So, a report that went beyond providing a fair and accurate account of a trial would pose a far greater risk to the fairness of the trial, and would be much more likely to constitute contempt, if it were broadcast or published on traditional media with a great many viewers, listeners or readers than it would if it were published on social media with very few friends, or followers, or likes.

On the other hand, if an unfair or inaccurate online report were to go viral, and spread rapidly and widely through social media, such that it quite quickly had 500,000 unique interactions (such as comments, likes, retweets, shares or forwards of various kinds), then it too could pose a substantial risk to the fairness of the trial and could therefore constitute contempt. Moreover, widespread coverage that raised a substantial risk of influencing a jury to deliver a particular verdict would be contempt, whether it was conducted over the airways, through the pages of a campaigning magazine, or online. Indeed, in these cases, it would not matter if the original media items were not intended to be unfair or inaccurate or to influence the jury – all that matters is that there is a substantial risk of prejudice to an active trial.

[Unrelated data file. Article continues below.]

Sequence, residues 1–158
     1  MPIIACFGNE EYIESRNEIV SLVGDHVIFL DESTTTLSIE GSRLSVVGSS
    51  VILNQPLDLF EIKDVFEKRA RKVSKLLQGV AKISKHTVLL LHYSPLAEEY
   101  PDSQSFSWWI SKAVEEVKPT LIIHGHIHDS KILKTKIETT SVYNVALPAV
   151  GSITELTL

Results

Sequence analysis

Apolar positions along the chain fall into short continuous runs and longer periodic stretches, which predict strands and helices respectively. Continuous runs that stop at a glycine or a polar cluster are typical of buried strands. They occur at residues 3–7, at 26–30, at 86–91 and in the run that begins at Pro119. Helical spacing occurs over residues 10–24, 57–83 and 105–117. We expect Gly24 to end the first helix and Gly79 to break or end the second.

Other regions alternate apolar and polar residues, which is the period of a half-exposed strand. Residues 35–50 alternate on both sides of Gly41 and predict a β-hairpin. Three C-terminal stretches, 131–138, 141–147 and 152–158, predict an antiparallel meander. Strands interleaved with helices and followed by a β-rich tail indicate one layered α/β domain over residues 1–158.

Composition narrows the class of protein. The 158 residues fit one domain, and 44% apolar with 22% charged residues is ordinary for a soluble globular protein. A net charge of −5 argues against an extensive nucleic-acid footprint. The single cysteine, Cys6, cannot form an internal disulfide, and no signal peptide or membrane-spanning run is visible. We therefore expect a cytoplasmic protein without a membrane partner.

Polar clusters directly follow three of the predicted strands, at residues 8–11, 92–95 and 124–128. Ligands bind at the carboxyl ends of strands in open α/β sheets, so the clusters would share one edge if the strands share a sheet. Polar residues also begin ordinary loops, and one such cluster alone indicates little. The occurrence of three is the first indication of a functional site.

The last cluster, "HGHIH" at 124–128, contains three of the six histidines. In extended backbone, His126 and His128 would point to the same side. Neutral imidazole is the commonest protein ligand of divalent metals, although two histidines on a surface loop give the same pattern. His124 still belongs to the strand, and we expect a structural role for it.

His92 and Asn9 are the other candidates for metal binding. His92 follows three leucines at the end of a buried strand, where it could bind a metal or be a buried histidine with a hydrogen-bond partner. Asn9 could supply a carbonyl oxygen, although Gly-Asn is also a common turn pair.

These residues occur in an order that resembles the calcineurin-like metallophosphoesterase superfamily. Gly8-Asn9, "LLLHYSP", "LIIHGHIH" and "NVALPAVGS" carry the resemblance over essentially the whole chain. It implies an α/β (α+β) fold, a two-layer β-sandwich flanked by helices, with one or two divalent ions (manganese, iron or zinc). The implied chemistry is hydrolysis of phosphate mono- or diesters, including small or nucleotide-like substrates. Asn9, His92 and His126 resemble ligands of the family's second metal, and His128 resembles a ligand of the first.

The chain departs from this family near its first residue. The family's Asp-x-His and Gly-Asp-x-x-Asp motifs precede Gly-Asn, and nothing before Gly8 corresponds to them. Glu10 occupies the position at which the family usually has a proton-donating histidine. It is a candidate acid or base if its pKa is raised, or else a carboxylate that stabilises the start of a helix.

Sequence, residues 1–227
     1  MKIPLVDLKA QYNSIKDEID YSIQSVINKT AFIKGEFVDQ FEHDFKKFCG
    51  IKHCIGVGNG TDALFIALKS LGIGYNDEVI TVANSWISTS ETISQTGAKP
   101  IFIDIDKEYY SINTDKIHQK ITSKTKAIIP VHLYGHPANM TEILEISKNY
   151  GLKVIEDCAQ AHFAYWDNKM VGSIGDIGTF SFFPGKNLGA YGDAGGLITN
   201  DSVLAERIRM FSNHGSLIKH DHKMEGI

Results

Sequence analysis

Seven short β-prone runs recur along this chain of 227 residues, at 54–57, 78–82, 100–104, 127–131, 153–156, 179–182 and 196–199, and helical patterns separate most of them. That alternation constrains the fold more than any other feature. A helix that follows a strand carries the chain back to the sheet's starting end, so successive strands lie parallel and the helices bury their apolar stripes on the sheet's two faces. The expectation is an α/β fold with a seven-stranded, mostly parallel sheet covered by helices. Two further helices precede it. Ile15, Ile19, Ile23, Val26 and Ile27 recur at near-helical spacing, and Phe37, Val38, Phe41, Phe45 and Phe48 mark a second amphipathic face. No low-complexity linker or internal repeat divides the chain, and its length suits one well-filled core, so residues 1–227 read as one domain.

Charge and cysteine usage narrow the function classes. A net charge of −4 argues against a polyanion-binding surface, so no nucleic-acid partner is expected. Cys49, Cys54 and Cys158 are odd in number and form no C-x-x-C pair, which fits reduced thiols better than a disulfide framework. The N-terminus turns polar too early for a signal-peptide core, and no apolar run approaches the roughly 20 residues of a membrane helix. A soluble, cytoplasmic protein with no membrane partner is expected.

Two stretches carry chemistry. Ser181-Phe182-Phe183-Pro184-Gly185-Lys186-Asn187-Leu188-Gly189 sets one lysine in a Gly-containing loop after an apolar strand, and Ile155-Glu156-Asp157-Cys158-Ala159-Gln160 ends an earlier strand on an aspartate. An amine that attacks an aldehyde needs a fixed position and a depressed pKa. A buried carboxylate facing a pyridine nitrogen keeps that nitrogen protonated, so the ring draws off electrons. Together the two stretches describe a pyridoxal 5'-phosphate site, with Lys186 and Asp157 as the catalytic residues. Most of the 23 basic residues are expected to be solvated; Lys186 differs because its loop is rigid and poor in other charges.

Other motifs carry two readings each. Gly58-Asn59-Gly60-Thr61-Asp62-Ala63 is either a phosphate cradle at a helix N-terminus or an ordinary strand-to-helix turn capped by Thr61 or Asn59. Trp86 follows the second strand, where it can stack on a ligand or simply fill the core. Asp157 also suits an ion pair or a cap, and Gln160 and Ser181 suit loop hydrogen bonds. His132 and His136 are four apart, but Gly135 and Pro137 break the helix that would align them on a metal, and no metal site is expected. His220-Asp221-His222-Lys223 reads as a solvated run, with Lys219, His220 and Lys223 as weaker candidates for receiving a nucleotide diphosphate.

It is frequently the case that the law takes a while to catch up with technology. But, as the technology is understood, so the application of the law to it becomes clear. Hence, as the law understands the reach and limitations of social media, so the rules on contempt can be properly applied to online commentary. In the context of controversial trials in the UK, it is now not uncommon for the Attorney General to issue reminders to “editors, publishers and social media users” that proceedings are active and that the contempt of court rules apply. It may not be long before the DPP here issues similar advice in respect of an Irish trial.

In 1994 the Law Reform Commission published a report (pdf) recommending various reforms to the law on contempt. In particular, it suggested clarifications around what kinds of “publication” could constitute contempt, what kinds of trials it would apply to, what could amount to a “substantial risk” to the fairness of the trial, when proceedings are “active” for the purposes of the rule, and whether it is necessary for the commentator to intend to prejudice the trial. It is now looking once again (pdf) at these issues.

Perhaps it might not be too much to hope that the controversy over the social media coverage of the Jobstown trial ensures that the Commission’s proposals form the basis of much-needed legislation. If so, then the scope of contempt, online and offline, will be clarified. The accused’s right to a fair trial will be protected. And the principle of open justice will be properly respected.

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Welcome

Me in a hatHi there! Thanks for dropping by. I’m Eoin O’Dell, and this is my blog: Cearta.ie – the Irish for rights.

“Cearta” really is the Irish word for rights, so the title provides a good sense of the scope of this blog.

In general, I write here about private law, free speech, and cyber law; and, in particular, I write about Irish law and education policy.